Big Bertha was not invited. For the first time, in my brief history of being a camera owner, I had purchased a battery grip and I am trying to adjust to the new weight. Big Bertha would have put me over my limit. Instead I opted to use the 70-200mmL f/4. After all, I reasoned there would be plenty of light at 5:00 PM. Furthermore, with the type of action I would be seeing, I wasn’t much interested in trying to shoot at f/2.8.
Due to the high fence, I was not able to photograph the activities in the pens and you can not poke your head through the corral rails to get a shot since you would become a distraction to the calves and create an unfair hurdle for the team doing the sorting. (Sorting calves is not quite as challenging as herding cats—remember that terrific commercial a while back?—but it is not a sport for wimps, or riders with poorly trained horses.) I was a little disappointed about that, but enjoyed very much watching the teams work. There are some outstanding riders in our tiny community.
Because I was intent on some testing, I focused on riders warming up and schooling their mounts in the large holding corral. Specifically, I got some pictures of a friend’s daughter. This young woman is a top-notch rider and has won numerous championships in youth rodeo events. (I hope I haven’t used any terminology here in that description that is off the mark. I don’t know much about that competition.) I do know she looks as though she were born riding and it was a joy to watch her school this mare.
(Basic processing and cropping in ACR (CS3)—along with some pesky straigthening, drat).
One of my motivations for buying the 50D was the additional 5 megapixels. While I had never bought into the megapixel race (most of the time I forget how many megapixels my camera has—it's that insignificant to me), a great deal of recent reading has gradually changed some of my thinking. I read more and more action photographers talking about getting the shot and framing later. That switch originally producing a little dissonance in my poor limited brain, but I am discovering the wisdom of the expert advice. I have worked hard for some time now to frame in the camera rather than waiting to do that job in Photoshop. However, that often meant that with things happening very fast, my new awareness of framing produced decent framing or a clean shot one at the expense of the other. When shooting fast action lately, I am getting a much better ratio of keepers (technically speaking), by incorporating advice from action photographers. It doesn't mean I abandon all concern for framing. But, it takes a firm backseat to focus and holding the camera more steady. With AI Servo, my main priority is keeping that focus point on the animal. Framing after the fact means throwing away megapixels and now I have more to spare. A win, after all.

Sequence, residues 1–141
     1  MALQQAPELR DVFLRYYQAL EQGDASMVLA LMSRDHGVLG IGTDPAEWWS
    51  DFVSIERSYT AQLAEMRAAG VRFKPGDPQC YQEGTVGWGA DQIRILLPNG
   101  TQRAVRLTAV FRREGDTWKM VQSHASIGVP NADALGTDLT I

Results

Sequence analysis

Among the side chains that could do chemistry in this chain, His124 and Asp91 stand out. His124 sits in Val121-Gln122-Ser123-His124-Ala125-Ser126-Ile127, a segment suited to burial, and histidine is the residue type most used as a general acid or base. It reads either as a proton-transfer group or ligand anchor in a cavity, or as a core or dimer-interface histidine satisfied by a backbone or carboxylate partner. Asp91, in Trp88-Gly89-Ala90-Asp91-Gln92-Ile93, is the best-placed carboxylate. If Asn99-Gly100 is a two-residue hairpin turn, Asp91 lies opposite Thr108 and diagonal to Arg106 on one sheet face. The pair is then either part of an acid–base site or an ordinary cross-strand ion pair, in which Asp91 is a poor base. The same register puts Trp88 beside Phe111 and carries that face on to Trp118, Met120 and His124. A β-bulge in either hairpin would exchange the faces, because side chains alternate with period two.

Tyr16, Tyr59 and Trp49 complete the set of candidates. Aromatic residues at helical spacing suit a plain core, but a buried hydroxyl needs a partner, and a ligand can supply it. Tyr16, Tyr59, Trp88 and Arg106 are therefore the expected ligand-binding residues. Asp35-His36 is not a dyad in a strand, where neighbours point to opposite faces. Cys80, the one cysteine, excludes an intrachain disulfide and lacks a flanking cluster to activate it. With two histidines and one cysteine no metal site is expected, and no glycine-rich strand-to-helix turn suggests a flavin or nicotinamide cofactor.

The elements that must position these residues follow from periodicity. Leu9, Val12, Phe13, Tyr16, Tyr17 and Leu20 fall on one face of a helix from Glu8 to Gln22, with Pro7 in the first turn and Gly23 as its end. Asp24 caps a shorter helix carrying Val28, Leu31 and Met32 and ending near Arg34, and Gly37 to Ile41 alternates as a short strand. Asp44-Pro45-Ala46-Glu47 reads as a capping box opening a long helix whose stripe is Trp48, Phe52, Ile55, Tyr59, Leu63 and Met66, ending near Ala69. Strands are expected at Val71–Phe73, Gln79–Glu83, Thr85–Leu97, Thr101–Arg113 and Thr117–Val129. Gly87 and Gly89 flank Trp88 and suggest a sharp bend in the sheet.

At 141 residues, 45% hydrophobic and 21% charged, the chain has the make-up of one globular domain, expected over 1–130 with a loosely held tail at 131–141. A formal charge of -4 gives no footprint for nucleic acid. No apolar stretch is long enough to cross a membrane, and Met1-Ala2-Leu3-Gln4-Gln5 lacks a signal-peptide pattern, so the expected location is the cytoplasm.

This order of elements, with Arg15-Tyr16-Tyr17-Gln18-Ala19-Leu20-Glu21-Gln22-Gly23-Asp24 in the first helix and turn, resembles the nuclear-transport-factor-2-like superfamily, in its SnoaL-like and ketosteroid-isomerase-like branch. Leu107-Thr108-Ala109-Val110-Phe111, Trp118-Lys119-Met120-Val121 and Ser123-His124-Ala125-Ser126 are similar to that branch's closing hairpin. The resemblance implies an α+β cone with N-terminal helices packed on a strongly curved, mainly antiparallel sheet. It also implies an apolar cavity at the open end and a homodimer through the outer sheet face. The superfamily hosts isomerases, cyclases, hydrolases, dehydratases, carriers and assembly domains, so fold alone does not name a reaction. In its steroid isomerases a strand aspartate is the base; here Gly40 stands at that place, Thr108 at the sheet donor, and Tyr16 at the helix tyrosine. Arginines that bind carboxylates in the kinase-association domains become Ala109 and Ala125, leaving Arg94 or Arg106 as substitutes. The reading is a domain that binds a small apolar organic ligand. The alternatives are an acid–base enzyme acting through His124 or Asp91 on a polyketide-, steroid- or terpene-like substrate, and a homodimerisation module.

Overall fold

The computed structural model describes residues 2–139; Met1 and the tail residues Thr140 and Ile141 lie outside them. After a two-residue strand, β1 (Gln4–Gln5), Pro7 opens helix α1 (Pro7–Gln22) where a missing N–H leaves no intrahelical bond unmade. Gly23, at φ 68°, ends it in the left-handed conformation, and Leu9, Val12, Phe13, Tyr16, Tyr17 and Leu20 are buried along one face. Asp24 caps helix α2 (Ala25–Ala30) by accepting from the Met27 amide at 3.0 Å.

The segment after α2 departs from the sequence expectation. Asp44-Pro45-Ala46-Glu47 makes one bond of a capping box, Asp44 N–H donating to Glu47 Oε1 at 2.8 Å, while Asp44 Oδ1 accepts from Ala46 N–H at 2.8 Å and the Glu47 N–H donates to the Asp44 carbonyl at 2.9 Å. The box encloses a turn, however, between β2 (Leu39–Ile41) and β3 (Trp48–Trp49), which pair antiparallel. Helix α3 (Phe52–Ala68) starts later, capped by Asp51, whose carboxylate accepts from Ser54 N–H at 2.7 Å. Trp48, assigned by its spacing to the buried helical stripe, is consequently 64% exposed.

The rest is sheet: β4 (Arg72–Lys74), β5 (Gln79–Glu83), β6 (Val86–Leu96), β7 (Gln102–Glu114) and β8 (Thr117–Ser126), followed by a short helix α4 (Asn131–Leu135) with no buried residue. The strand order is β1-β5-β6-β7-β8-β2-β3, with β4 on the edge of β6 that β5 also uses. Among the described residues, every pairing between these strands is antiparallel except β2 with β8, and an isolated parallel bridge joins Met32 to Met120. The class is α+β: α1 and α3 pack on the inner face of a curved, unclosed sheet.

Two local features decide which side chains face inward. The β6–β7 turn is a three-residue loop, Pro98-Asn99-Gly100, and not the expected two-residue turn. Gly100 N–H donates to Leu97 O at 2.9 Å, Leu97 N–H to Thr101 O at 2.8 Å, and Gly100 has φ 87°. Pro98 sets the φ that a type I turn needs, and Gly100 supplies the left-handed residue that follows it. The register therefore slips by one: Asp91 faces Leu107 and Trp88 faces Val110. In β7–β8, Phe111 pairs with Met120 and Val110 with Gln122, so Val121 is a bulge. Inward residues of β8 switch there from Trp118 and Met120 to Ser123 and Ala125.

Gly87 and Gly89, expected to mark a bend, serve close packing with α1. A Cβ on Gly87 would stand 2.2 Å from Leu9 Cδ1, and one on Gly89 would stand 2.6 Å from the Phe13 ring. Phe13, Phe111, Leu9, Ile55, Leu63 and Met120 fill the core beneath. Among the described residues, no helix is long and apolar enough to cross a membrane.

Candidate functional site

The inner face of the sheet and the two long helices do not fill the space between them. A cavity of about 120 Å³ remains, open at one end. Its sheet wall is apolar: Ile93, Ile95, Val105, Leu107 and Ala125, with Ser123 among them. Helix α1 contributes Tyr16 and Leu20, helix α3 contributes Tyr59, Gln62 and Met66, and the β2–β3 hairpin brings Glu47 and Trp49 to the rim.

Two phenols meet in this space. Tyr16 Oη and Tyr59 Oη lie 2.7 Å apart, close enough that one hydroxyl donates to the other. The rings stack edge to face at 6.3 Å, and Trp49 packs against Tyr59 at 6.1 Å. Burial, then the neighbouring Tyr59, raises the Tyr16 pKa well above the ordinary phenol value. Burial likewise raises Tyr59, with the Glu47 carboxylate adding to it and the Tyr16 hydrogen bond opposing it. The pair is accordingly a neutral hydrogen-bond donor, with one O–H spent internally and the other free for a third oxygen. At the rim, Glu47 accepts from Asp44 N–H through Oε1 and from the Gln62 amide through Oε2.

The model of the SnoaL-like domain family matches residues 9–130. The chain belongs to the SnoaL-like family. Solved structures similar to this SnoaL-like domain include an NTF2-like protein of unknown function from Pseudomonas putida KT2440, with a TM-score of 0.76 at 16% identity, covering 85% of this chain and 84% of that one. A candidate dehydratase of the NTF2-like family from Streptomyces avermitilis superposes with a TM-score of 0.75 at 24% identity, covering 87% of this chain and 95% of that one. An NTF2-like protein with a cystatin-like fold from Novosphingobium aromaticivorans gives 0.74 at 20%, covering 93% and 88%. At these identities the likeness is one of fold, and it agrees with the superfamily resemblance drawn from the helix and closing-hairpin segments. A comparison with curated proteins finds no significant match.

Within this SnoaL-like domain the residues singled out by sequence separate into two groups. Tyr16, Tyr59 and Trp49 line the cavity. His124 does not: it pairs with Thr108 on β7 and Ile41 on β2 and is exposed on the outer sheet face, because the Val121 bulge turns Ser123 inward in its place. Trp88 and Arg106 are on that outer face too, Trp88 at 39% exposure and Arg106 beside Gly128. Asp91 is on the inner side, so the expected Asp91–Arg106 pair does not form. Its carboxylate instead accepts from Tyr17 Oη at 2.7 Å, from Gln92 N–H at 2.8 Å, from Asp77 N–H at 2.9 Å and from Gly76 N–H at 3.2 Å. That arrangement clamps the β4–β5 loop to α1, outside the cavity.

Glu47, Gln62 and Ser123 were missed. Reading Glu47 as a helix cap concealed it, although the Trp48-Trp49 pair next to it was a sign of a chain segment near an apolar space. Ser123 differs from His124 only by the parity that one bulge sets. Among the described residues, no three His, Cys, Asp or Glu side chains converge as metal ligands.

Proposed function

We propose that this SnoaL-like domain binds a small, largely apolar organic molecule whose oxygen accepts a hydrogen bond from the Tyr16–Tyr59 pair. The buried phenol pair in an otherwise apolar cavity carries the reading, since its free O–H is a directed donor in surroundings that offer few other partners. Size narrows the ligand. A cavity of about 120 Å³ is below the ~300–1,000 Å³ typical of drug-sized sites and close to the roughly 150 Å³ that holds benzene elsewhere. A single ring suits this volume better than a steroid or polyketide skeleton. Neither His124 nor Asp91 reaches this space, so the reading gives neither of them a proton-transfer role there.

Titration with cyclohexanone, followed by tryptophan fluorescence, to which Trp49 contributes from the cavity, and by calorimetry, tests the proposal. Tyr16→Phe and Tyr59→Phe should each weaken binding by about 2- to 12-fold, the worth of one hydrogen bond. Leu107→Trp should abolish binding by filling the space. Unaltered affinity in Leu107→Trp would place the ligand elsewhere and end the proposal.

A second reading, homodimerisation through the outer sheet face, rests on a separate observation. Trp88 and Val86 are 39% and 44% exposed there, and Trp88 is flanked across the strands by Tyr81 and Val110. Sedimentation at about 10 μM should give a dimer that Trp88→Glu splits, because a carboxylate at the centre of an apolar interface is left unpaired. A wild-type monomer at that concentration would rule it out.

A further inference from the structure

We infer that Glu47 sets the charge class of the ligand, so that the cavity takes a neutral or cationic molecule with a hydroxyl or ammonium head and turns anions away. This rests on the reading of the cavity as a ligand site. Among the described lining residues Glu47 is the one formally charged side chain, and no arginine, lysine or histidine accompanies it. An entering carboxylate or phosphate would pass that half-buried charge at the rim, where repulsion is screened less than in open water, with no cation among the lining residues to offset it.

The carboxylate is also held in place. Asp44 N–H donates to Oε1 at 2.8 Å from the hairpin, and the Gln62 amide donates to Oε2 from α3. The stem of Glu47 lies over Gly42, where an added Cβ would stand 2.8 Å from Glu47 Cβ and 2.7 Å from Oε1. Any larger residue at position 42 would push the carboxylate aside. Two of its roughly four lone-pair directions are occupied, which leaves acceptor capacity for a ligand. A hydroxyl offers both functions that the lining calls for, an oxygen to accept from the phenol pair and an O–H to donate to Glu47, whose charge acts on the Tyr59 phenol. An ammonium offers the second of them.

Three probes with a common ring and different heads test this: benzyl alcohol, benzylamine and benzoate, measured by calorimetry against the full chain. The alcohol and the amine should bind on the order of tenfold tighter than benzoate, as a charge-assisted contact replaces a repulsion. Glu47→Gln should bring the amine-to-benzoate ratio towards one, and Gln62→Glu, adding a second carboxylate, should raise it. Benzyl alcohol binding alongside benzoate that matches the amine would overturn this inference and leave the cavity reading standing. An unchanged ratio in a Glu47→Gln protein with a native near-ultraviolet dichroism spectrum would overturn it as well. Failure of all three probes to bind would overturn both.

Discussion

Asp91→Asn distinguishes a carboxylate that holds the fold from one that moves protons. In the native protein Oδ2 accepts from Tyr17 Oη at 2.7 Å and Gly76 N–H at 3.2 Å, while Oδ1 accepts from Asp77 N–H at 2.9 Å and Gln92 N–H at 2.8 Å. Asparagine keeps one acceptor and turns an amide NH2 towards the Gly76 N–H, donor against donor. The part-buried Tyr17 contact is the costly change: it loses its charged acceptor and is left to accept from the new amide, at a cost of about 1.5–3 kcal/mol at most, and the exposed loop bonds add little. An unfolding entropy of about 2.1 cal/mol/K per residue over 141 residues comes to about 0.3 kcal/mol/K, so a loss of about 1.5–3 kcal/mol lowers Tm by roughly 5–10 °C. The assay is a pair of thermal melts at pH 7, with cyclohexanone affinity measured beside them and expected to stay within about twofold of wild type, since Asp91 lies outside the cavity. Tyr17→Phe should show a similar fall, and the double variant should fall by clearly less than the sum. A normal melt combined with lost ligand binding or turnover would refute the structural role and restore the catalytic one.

For me, the jury is out on the battery grip. It will take time to adjust to the completely different shape of my camera. I don’t have tiny hands, but at 5’3” they aren’t exactly big.
I had not used the shutter button to lock focus for a couple of years at least. Now, since the battery grip does not have a dedicated focus button, I shifted that function to the AE button. Although it is a tiny shift to the right on the camera body, yesterday it felt like a mile. My thumb knew exactly where that button was and does a bit of searching now.
I wouldn’t go out on a limb at this early stage, but my first impression is that along with the new sensor the AI Servo function is more reliable. (I am keenly aware that this could be nothing more than a new infatuation blinding me to facts.) Time will tell.
The weight of the 200mm zoom lens along with the battery grip and standing on tiptoe to get over a corral rail for a clear shot wasn’t exactly a joy. Still, I was glad I did it and look forward to another session.
By the way, I know I have a nasty tendency to tilt my frame to one side or another, and the bizarre physical contortions required yesterday amplified that problem. I find myself thinking about a grid. Any thoughts about that, anyone?